I live in a culture that preaches high grace.
We give each other feedback. We forgive. We move on.
For the record, I feel extremely blessed (among other things) to live in this community. My leadership gives an unprecedented amount of grace, allowing me to make mistakes, to actively exercise my gifts while freely acknowledging that I might fail.
Let’s be honest—that’s happened pretty often. (This one time I even quit my life for a week.)
Not one time have I found myself facing critics or anger or even—and this would be hardest for me—disappointment.
My mistakes have only ever been met with love.
But sometimes I wonder if there might be a chance that my culture is too quick to extend grace.
Sometimes I wonder if in extending grace, we’ve actually opened our door of the sheep pen and let in a wolf or two.
I wonder if, for the sake of grace, we’ve skimped on protecting our own people, the tried-and-true people, the innocent ones.
I wonder if we shouldn’t be more careful to keep our friends close and push the danger just a little further away.
I mean, for every Cesar there’s a Brutus. And for every America, there’s a Benedict Arnold.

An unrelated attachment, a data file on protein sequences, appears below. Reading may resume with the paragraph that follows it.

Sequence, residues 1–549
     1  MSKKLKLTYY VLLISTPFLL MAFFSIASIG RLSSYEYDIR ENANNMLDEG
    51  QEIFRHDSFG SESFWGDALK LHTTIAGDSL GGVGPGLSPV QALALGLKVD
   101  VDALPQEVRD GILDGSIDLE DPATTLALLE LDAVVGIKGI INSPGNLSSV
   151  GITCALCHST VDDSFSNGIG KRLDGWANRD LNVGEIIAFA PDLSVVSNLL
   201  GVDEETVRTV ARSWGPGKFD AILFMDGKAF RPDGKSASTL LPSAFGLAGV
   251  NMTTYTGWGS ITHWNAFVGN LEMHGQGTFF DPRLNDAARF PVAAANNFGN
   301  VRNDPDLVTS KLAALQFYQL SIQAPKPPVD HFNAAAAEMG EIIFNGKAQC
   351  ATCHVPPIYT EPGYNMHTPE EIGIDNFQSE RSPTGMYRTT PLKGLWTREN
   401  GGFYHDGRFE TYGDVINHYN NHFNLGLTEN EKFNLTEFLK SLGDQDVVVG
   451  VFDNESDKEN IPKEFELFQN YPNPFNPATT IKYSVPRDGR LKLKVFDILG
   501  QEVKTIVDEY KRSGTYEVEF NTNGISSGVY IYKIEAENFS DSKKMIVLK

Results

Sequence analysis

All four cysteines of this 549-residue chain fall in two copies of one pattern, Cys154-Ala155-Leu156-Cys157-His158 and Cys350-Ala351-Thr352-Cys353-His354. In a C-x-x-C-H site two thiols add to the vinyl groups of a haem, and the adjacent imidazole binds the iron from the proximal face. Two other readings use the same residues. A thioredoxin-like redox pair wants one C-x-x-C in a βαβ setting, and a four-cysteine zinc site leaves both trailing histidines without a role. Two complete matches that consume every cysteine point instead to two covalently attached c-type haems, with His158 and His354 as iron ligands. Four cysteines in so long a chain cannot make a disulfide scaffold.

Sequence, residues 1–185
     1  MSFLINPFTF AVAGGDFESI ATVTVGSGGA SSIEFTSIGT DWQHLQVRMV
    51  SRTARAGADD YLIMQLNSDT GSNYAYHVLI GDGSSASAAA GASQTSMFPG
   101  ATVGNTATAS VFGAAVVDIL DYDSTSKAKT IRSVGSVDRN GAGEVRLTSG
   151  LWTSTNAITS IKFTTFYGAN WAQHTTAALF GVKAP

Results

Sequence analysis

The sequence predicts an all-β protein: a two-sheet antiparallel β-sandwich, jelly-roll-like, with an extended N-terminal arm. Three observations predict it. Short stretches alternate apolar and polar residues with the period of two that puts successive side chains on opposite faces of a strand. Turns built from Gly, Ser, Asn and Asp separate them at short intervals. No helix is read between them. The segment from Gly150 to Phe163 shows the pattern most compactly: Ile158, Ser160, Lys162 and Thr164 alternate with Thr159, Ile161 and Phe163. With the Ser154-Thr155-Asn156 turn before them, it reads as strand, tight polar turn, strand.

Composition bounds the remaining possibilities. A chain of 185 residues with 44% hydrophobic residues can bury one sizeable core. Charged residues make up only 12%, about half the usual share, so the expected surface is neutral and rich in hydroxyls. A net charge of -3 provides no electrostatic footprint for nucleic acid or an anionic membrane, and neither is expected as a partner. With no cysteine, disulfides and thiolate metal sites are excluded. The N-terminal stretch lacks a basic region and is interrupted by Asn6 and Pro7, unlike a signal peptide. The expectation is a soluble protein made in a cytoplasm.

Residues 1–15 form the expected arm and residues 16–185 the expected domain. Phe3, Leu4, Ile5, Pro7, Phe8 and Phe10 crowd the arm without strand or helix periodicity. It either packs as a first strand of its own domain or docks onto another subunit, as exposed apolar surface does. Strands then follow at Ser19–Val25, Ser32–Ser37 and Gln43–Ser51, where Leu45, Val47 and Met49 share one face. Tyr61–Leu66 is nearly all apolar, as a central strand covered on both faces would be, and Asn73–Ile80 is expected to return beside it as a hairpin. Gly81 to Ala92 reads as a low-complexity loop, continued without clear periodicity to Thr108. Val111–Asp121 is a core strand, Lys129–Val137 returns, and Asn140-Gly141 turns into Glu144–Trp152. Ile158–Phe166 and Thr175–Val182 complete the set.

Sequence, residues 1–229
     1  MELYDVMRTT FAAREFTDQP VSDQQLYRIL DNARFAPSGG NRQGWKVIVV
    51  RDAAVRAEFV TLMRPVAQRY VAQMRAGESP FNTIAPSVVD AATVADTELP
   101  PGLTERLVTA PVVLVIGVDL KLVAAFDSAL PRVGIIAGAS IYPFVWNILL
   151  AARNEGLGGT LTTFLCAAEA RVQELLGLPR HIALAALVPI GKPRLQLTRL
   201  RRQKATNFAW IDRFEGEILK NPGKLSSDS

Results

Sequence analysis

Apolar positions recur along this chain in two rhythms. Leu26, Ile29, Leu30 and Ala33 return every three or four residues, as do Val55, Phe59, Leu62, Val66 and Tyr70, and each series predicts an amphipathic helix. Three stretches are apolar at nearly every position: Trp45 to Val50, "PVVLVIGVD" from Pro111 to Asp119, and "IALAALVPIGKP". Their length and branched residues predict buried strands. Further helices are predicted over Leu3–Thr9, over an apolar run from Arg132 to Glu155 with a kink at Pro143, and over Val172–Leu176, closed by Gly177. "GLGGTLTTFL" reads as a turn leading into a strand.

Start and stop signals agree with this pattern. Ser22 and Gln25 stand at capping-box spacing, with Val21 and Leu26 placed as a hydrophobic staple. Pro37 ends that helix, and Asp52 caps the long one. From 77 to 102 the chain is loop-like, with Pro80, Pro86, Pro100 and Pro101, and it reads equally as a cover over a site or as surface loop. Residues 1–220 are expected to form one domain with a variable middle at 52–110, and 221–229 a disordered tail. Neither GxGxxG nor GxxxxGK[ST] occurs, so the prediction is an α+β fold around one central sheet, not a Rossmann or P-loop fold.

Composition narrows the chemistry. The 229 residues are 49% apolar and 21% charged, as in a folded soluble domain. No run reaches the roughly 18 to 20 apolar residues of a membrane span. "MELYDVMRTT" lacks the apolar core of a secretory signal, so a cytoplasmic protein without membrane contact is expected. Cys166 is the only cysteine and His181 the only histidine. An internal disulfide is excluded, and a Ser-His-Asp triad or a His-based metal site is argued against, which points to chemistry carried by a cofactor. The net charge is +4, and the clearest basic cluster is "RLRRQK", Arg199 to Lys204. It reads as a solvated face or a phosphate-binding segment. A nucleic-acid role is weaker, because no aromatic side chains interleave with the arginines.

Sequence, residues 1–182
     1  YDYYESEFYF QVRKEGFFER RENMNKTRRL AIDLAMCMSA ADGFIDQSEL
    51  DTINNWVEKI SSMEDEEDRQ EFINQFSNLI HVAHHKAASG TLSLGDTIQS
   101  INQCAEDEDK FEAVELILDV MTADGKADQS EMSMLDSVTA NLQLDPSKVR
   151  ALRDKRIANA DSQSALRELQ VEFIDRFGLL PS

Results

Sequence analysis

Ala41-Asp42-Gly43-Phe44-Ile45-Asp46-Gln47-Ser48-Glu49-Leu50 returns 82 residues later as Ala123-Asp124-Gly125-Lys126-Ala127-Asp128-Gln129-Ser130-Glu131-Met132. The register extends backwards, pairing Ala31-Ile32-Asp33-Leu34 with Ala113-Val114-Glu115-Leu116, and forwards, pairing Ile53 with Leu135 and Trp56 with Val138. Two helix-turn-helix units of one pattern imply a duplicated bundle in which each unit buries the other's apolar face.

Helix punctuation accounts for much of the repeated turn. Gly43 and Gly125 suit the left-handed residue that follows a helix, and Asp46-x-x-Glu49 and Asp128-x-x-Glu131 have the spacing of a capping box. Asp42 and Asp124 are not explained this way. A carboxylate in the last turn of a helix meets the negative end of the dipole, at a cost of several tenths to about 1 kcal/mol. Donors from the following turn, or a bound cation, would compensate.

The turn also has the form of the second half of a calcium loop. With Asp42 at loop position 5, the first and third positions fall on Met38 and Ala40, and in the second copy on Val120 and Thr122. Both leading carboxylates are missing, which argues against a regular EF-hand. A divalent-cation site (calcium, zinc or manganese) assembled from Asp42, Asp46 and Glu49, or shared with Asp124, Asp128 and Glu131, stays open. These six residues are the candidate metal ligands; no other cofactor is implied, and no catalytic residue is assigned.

And Jesus was betrayed by Judas—one of the Twelve.
It could easily be argued that we need better walls, more sturdy ramparts to keep our people safe from those who don’t wish us well. We could have a stricter vetting process or scrutinize each other’s intentions with a little more care.
Sometimes I wish we would do that, for surely that would be wisdom.
But then I think of Jesus, who thanked His Father for “hiding these things from those who think themselves wise and revealing them to the childlike” (Luke 10:21).
I am not wise.
A child, hurt on the playground, may look at the one who pushed him and be angry for a moment. But on the first chance of offering forgiveness, he takes it and the pair—the offender and offended—run off together to play.
What I am not saying is that we allow abusive people to abuse us. I am not saying that if a husband hits his wife, she should stay. Or, that if a woman speaks ugly words to her friend, her friend must listen.
But Jesus, knowing Judas would betray Him, allowed Him into the Twelve.
He knew what was coming. He knew not only that He could potentially dies. He knew it was inevitable.
And He extended grace anyway.
Allowing people into our community is always a risk, but I think, given the example we follow, it’s a risk worth taking.
What do you think? How do we protect ourselves without giving up on grace?